Author: Philip J. Hollenback
A quick RSS primer
RSS, which stands for Really Simple Syndication or Rich Site Summary, depending on who you ask, is nothing more than a standardized way to poll Web sites for data. You give an application called a newsreader or an aggregator a list of RSS feeds for various Web sites. The newsreader contacts each Web site on a regular basis and downloads a feed. If any new items show up, the newsreader displays them. Thus instead of having to go to each Web site you are interested in to see what has changed, the newsreader collects all the changes in one place. This makes keeping up with what’s changing on your favorite Web sites much easier.
On a news site, an RSS feed might contain all the current headlines along with a short summary for each. On a blog, the RSS feed usually contains the author’s recent postings, or at least a summary of each post. Typically the individual items in a feed are called articles. Any sort of data which is updated on Web sites can be exported as RSS feeds, including, for example, Web site searches; this is a completely unappreciated feature of Craigslist, by the way.
To keep things interesting, there are numerous incompatible RSS specifications, such as RSS .90, RSS 1.0, RSS 2.0, and Atom. Luckily, most modern newsreader software understands all the different versions. All you need to do is look for a button or label that says “RSS” or “Atom” or “Syndicate This” on a Web site. Copy the link that button points to into your newsreader and you are ready to go.
There are various standalone newsreader programs available for pretty much any computing platform. Some are quite good, but they all share the same flaw: information about what feeds you subscribe to and which articles you have read stays on your individual computer. What if you use the Web both at home at at work? How do you synchronize your feed-reading experience?
(At this point some of you are saying, “Hey, what about this SuperNewsReaderPro I use on my Mac? It can save your settings on a server so you can synchronize usage on another system!” While it is true that some standalone newsreaders have this feature, it only works with the same software on each system. What if your office system is Linux and your home machine is a Mac? You’re out of luck.)
Enter Bloglines. It solves the problem by being completely Web-based. Instead of entering your feeds into a program running on your system, you go to www.bloglines.com, sign up for a free account, and read your feeds there. It doesn’t matter what system you use — as long as it has a relatively modern Web browser, you can access Bloglines. If you install the Firefox/Mozilla Bloglines extensions or the Bloglines bookmarklet in your browser you can subscribe to a feed with one click. Bloglines will be happy to recommend feeds to you as well.
Last month Bloglines announced Bloglines Web Services, a mechanism for other programs to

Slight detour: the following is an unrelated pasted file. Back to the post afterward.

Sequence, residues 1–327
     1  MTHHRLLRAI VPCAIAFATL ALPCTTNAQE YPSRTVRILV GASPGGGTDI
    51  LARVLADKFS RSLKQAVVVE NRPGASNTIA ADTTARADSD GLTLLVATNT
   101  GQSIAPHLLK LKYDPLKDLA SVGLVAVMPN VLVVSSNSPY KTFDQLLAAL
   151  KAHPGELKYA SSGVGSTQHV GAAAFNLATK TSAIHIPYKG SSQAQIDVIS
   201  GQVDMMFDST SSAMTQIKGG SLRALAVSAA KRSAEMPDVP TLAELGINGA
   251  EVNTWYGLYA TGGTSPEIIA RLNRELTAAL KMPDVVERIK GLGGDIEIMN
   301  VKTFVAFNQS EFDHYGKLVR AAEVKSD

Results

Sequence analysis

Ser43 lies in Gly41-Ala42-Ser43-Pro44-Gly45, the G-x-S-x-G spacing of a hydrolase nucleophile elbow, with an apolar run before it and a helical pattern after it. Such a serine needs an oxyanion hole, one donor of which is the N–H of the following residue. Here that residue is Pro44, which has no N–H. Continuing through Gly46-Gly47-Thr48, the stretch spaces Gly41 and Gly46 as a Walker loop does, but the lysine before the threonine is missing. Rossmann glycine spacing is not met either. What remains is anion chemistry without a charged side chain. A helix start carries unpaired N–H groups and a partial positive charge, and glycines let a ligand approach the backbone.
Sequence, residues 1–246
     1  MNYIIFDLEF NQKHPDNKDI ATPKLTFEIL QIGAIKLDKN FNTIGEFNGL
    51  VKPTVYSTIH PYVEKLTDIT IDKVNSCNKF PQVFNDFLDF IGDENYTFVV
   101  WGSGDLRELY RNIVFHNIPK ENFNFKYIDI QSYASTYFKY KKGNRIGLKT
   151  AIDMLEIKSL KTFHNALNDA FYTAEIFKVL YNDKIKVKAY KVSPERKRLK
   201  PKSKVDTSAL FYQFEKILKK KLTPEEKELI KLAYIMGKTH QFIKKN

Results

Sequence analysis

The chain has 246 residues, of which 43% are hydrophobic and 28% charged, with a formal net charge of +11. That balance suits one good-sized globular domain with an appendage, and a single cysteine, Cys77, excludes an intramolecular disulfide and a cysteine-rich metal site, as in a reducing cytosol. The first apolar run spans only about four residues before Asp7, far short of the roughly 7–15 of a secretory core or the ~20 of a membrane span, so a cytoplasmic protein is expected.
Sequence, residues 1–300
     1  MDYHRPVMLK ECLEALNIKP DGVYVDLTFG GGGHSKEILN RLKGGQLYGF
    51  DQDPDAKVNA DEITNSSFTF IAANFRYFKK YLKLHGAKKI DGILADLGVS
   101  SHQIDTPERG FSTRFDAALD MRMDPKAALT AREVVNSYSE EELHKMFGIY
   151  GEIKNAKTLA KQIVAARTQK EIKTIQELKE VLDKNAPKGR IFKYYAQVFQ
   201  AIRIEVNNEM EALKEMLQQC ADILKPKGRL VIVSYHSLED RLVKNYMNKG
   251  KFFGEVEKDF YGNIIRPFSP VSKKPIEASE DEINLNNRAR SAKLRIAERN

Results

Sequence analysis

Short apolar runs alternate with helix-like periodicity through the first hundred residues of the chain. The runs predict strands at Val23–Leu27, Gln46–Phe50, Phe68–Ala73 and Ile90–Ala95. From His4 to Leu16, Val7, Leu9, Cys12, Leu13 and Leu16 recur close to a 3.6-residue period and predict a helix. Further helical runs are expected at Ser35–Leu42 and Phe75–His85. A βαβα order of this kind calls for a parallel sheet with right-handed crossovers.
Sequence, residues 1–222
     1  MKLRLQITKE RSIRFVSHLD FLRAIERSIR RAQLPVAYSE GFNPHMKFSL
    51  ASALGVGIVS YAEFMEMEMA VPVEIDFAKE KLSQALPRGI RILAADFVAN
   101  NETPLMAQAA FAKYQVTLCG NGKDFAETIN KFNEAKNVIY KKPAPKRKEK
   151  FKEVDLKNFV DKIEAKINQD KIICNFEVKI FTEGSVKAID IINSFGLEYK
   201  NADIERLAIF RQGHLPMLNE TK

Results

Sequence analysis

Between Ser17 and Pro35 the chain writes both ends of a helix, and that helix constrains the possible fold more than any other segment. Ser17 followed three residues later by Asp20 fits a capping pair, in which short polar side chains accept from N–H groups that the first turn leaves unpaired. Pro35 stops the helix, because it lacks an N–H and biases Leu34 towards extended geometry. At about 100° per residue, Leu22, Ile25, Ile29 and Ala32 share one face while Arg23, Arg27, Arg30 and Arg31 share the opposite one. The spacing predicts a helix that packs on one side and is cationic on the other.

access Bloglines data. That means that instead of your standalone news reader querying each individual feed, it will now be able to get them through Bloglines, via your Bloglines account. Thus in the future it is very likely that even when you use a standalone newsreader, you will be using Bloglines anyway, and you’ll be able to seamlessly switch between a newsreader and Bloglines.
Photo sharing the RSS way
Once you’ve gotten comfortable with Bloglines, check out Flickr, a site dedicated to easy Web photo sharing. As you upload pictures to Flickr, you add descriptive keyword tags to them. You can later search on tags to find groups of photos. By default all pictures are public, so a Flickr search returns all your photos tagged “newyork” as well as all the photos others have tagged “newyork.” Collections of photos on Flickr are collectively known as photostreams. Here’s a sample Flickr photostream.
What does this have to do with RSS, you ask? The answer is that every photostream has a corresponding RSS feed listed at the bottom of each photostream page under “Feeds.” For instance, the RSS feed for the previous example is
Since these are RSS feeds, you can read them with Bloglines. To test this, simply create a new subscription in Bloglines with the URL above. Every time someone posts a photo tagged “graffiti” it will appear in your bloglines. Remember that Bloglines keep track of the articles you have already seen, so you will only see the images posted since the last time you checked. You can see the most popular tags on Flickr and search all tags on the Flickr tag browser page.
Flickr includes some of the social networking aspects of Friendster or Orkut. When you sign up for Flickr, you can designate other members as contacts. Then, Flickr will show you your contacts’ photos as they post them. That is a very cool way to keep up with your cameraphone-toting buddies. Naturally, there is an RSS feed for your contacts. Just use the feed URL from the Photos from your contacts page on Flickr and subscribe to it in Bloglines. Now, every time you check your subscriptions with Bloglines, you will automatically see what your friends have been taking pictures of as well. Obviously you need a Flickr account to use that last feed (so Flickr knows who you are), but any of the other Flickr feeds are freely available.